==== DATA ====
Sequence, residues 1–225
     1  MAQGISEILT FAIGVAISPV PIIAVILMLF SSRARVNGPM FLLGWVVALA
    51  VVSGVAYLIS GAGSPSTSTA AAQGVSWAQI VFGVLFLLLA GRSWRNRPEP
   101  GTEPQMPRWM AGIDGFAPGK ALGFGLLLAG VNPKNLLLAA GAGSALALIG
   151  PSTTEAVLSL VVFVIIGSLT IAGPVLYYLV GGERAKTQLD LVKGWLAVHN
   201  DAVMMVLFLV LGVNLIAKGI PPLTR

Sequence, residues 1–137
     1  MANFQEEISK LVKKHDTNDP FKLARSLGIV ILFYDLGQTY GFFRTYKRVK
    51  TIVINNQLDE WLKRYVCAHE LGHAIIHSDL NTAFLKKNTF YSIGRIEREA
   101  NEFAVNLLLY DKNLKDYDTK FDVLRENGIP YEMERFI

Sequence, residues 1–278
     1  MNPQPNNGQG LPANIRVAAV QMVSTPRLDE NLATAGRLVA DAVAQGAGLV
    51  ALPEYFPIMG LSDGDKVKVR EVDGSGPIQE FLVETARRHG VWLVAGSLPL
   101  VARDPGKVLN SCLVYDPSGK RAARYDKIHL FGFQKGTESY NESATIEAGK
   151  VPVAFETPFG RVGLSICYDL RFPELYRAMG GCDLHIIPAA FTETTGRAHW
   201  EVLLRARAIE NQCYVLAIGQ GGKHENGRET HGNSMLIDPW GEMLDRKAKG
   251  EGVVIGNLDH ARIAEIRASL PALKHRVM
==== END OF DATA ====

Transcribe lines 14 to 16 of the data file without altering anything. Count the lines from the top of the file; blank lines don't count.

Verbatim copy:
   101  VARDPGKVLN SCLVYDPSGK RAARYDKIHL FGFQKGTESY NESATIEAGK
   151  VPVAFETPFG RVGLSICYDL RFPELYRAMG GCDLHIIPAA FTETTGRAHW
   201  EVLLRARAIE NQCYVLAIGQ GGKHENGRET HGNSMLIDPW GEMLDRKAKG